China kicks off its politically significant annual Parliament season
Beijing: China on Wednesday began its politically significant annual Parliament season, amid mounting political and economic challenges in the aftermath of the coronavirus pandemic and the growing adversity with the US over a host of issues including, Taiwan, Tibet, Xinjiang and Hong Kong.
The gathering of China’s political elite is taking place ahead of this year’s centenary celebrations of the ruling Communist Party of China (CPC) and increasingly assertive leadership of President Xi Jinping.
Xi, 67, has established himself as the most powerful leader after Mao Zedong with prospects of life-long tenure in power following scrapping of two-year tenure rule for the Presidency.
Every year in March, the full sessions of the National People’s Congress (NPC), the country’s parliament and the advisory body the Chinese People’s Political Consultative Conference (CPPCC) hold their sessions with full members totalling over 5,000 legislators and advisors.
The CPPCC will begin its week-long session from Thursday which will be attended by Xi and other leaders while the NPC kicks off its meeting from March 5. The political season began on Wednesday with a nationally televised press conference by its spokesman.
During this year’s meeting, the NPC, often described as a rubber stamp parliament for its routine approval of the CPC proposals, is set to endorse the 14th Five Year plan and the plan for Long-Range Objectives Through the Year 2035.
While the 14th Five-Year plan envisages a massive overhaul of the country’s domestic market to boost consumption in order to reduce China’s reliance on shrinking exports markets, the Vision 2035 visualises a long-term plan, reflecting the development vision outlined by president Xi.
China’s status as a world’s factory has been affected by declining global markets and the trade war initiated by former US president Donald Trump, followed by his successor Joe Biden as well, by his move to ban of Chinese tech firms like Huawei, TikTok and restrictions on exports of semiconductor chips to China deepening the technology conflict between top two world economies.
The relations between the US and China are at an all-time low. The two countries are currently engaged in a bitter confrontation over various issues, including trade, the origins of the novel coronavirus pandemic, the communist giant’s aggressive military moves in the disputed South China Sea and human rights violations in Xinjiang and Hong Kong.
China is also expected to increase about seven per cent of its defence budget which last year was 1.268 trillion yuan (close to USD 200 billion), according to report in state-run Global Times. It is over three times higher than India’s defence budget of USD 47.4 billion.
Security as well as COVID-19 monitoring has been increased in Beijing ahead of CPCC and NPC sessions.
Last year, the two sessions were held in May instead of March due to a coronavirus outbreak. This year only, Beijing-based foreign correspondents were invited to cover the proceedings mostly through video links due to COVID-19 restrictions.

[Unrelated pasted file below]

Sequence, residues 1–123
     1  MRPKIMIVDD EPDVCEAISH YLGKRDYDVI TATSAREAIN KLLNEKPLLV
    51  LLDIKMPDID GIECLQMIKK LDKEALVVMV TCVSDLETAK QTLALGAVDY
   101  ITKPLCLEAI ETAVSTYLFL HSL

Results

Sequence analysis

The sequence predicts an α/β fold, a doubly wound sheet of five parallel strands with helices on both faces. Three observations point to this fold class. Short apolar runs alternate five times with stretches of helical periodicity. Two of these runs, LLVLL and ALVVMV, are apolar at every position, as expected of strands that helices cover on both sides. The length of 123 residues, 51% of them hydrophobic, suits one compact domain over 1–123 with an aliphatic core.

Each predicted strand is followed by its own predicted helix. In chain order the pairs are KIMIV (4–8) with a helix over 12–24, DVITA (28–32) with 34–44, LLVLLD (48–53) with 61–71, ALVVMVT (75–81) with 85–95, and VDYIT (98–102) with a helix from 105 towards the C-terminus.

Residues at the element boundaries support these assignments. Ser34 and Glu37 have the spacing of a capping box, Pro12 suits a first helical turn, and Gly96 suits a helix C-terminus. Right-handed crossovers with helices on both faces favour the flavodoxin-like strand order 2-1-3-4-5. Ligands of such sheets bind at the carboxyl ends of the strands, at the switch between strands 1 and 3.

Correspondents covering the events should undergo coronavirus tests every day before attending the events.
Though China is exporting its coronavirus vaccines to different countries, the Chinese leadership is yet to get vaccinated. Reports say delegates attending the parliament sessions were being inoculated.
Answering a question at the press conference about China’s pursuing COVID-19 vaccine diplomacy, CPCCC spokesman Guo Weimin said China’s exports of vaccines to expand geopolitical clout is a narrow-minded view.
China has always put the safety and efficacy of COVID-19 vaccines first, Guo said. So far China has administered 52 million vaccine doses of vaccines to people at home. Some foreign leaders have taken Chinese vaccines as well, he said.
China has also provided vaccines to 69 countries and two international organisations, and exported vaccines to 28 countries, Guo said.
On criticism about the recent announcement by President Xi that China eradicated absolute poverty, he said, “experts said China’s poverty alleviation standard is a comprehensive one and higher than the World Bank’s standard of USD 1.90 per day. The basic living needs of the rural population are met.”
“Despite the remarkable achievement pocketed in poverty alleviation cause, China’s development remains unbalanced and inadequate, hence the country is poised to consolidate the gains of poverty alleviation and press ahead with the rural revitalisation strategy,” he said.
On the imposition of national security law in Hong Kong, much against the wishes of local people, he said the purposes of adopting and implementing the law on safeguarding national security in the Hong Kong Special Administrative Region and improving its electoral system are both to uphold and improve the “one country, two systems” and to ensure its steady and sustained development in a right direction, he said.
He also decried calls for boycott of the Beijing Winter Olympics over allegations of genocide in Xinjiang against Uighur Muslims as “futile”
Attempts to politicise sports games and disturb and sabotage the Beijing 2022 Winter Olympics are futile and doomed to fail, he said.
The 2022 Winter Olympics, officially known as the XXIV Olympic Winter Games is scheduled to be held from February 2022 in Beijing and towns in the neighbouring Hebei province.